The EFM Donates over $20k Back to Englewood Community

(ENGLEWOOD, Fla. – December 5, 2016) – The Englewood Farmers Market, as a chapter of the Friends of Sarasota County Parks, operates as a non-profit enterprise serving the local Englewood community.

Each season, proceeds above operating costs are donated back to local community organizations that provide services to local residents that need support and assistance.

The Englewood Farmers Market donated over $20,000 to our local food pantries, St. David’s and Helping Hand, Englewood Meals on Wheels, FOSCP and the Englewood Care Clinic.

Pictured standing left to right: Tom and Amy Stone , Marie Laforge, Rose Hutchinson, Ricardo Ruggiero, Mike Hutchinson, Jim Baines and Howard Goodrich, Administrator from Helping Hand, and Bill Lavriha, Executive Director of Meals on Wheels. Kneeling, Lee A. Perron.

Englewood Farmers Market (by Mary Alampi)

The Englewood Farmers Market kicked off its sixth season this past Thursday morning. If you have never been, you are missing out. Although forecasts for Hurricane Matthew cast a little uncertainty as to how the day would play out, the weather was more than cooperative and attendance was up from last year’s first market of the season. The market is open from 9AM to 2PM, so I had not been able to attend in the past. This was my first time and I was so impressed! I will be returning frequently in the future.

I asked guests how they knew about the market’s opening today. Some saw it on Facebook, others mentioned the banners draped across Indiana (SR 776), some said they saw flyers posted locally, and one lady said she wrote it on her calendar last year to make sure she would not miss it.

I spoke with both attendees and vendors, asking about the market experience. One first-time guest was a gentleman visiting from South Carolina. His family evacuated here to stay with his brother, who brought them to the Englewood Farmers Market “for something positive to do together.” Another woman said she attended every week last year and makes a morning of it. She starts with Chai at the Mermaid Café down the street, walks through the market, then sometimes grabs another Chai.

Nearly everyone commented on the atmosphere. I spoke with one group of ladies, perhaps three generations. The toddler danced, mesmerized by music performed by a stringed duo. “We love it here,” said one of the women, citing how warm and friendly the vendors and guests were. “We came here looking for pickles, they have the best pickles, and popcorn…We love it here. There’s something for everyone.” “This is THE BEST farmers market ANYWHERE,” insisted another woman who explained that she has travelled and attended farmers markets all over. She and her husband are centered in Venice but will always come to the Englewood Farmers Market “because it is different. It has great products and the best feel. It really gives you a sense of community.”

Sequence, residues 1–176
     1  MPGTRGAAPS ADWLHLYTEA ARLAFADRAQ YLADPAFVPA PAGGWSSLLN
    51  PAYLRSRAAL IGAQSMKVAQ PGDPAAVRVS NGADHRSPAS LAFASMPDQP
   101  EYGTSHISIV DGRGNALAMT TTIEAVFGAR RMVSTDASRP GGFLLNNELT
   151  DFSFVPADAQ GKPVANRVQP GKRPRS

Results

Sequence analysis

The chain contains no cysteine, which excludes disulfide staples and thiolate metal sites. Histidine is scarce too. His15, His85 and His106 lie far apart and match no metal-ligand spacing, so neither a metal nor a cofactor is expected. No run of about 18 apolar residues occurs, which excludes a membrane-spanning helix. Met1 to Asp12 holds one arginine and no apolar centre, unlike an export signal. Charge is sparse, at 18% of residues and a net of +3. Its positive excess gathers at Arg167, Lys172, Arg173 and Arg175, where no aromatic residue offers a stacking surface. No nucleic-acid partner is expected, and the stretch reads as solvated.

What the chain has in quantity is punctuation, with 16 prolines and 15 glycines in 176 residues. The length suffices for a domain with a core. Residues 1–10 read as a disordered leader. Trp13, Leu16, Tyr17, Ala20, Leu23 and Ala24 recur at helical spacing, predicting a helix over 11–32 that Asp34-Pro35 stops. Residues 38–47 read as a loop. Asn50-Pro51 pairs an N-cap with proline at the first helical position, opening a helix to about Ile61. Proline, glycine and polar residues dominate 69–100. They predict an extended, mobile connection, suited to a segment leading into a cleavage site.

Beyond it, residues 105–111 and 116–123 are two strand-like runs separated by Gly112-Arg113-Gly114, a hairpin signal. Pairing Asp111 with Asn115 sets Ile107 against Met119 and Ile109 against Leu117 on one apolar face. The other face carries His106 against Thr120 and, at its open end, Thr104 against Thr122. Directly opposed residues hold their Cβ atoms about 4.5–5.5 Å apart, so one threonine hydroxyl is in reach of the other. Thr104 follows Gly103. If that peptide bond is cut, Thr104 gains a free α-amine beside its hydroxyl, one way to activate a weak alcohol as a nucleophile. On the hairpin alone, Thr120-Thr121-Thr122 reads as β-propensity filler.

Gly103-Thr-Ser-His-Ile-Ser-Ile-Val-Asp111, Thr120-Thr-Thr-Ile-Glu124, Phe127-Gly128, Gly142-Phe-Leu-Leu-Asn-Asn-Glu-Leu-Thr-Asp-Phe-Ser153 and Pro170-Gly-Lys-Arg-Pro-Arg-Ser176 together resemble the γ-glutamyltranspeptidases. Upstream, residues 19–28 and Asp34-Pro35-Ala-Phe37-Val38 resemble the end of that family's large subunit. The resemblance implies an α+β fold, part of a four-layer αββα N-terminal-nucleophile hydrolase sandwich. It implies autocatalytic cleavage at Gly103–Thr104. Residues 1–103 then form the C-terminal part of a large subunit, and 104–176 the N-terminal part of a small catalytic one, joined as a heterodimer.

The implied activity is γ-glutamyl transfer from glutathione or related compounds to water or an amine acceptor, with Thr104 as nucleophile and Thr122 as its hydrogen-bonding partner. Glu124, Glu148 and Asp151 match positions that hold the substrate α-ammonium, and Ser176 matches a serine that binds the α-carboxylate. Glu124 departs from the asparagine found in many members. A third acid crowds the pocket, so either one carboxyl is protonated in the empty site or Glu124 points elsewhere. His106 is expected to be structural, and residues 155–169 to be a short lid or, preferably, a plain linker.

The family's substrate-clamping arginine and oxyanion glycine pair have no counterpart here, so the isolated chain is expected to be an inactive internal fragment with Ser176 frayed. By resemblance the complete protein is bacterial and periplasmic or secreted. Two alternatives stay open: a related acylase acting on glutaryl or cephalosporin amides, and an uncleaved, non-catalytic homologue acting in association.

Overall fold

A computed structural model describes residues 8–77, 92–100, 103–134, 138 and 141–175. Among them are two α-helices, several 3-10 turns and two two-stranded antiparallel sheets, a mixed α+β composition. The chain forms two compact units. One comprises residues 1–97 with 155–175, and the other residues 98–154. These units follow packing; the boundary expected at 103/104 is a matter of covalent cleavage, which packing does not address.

When asked about market favorites, besides repeated mentions of the friendly environment, answers were as diverse as the guests. I overheard the vendor at Leah’s Lemonade really raving to a customer about the quality of Joshua Citrus’ fruit. Some guests said the exotic mushroom stand was the most unique. Others listed baked goods from the variety of vendors including BAM German Bakery, Daily Bread, bagels and Island Gluten Free Bakery. Maggie’s Seafood came up most frequently as “must visit” stop for shoppers. Perry’s Original BBQ was said to have the best brisket around. The large paella pan caught the eyes and taste buds of many and Jason’s Fire Fusions made a few eyes water. Furthermore, a number of people told me they preferred to shop here for organic produce, baked goods, and honey, explaining the quality was better and the organic label more reliable. Smiling people purchased vibrant orchids, fruit, and vegetables. It was an explosion of color.

The Englewood Farmers Market started back in 2011 with around 25 vendors and has grown into the thriving market/event it is today. It is a non-profit organization that donates all of its profit to local charities including Meals on Wheels, local food banks, the kids backpack program, Englewood Community Care Clinic, and others. A committee oversees vendor selection to ensure the products are high quality and that duplication and competition with local merchants is limited. For a list of current vendors or for information on becoming a vendor, email them at info@englewoodfarmersmarket.org, visit their website http://englewoodfarmersmarket.org or @englewoodfarmersmarket page on Facebook.

Again, if you’ve never been, you are missing out. The Englewood Farmers Market is open every Thursday from 9 AM until 2 PM, October through May. Support the community and make plans to attend. You will not be disappointed.

Englewood Farmers Market – article written by Mary Alampi, extracted from her blog [click here]

Cooking Demo by Cristina Babiak MD

roasted_vegetablesHere are the recipes that Cristina will be demonstrating live at the Market tomorrow!!

Englewood Farmer Market Cooking Class 4/16

GARDEN PESTO: soak 1 cup pumpkin seeds, walnuts, pecans or other shelled nuts until soft. Drain. Put in food processor. Blend with 2-3 garlic cloves, about 1/2 cup olive oil and as much fresh green herbs as you have: any combo mints, cilantro, basil, parsley, chives, tarragon, arugala, spinach, beet greens, dandelion …Add avocado, asagio or parmesan cheese and lemon zest or juice to taste and blend until smooth and creamy. Serve on fish, fowl, veg. Can be formed into balls and frozen for future use.

BEET PATE: In food processor put 3-4 chopped raw washed beets with 1/4 cup olive oil and pulverize smooth. Add 1/2-1 cup of shelled ground pecans, walnuts, or sunflower seeds, 2- 3 cloves garlic, 1 tsp sea salt, 1 tsp of dry herbs, 1 whole lemon squeezed plus zest. Process until creamy paste. Use this on salad, roasted vegetables or as dip with chopped jicama chips or crackers. Refrigerate.

ROASTED FARMERS MARKET VEGETABLES: Slice rinsed sweet potato, Florida red new potatoes, beets, red peppers, eggplants, squash, ect. into small rounds. Place on olive oil sprayed parchment papered pan. Sprinkle with sage, garlic granules, curry powder, herb blends. Spray with olive oil (Misto works great), and bake in toaster oven 25-30 minutes until soft. Thinner slices make chips.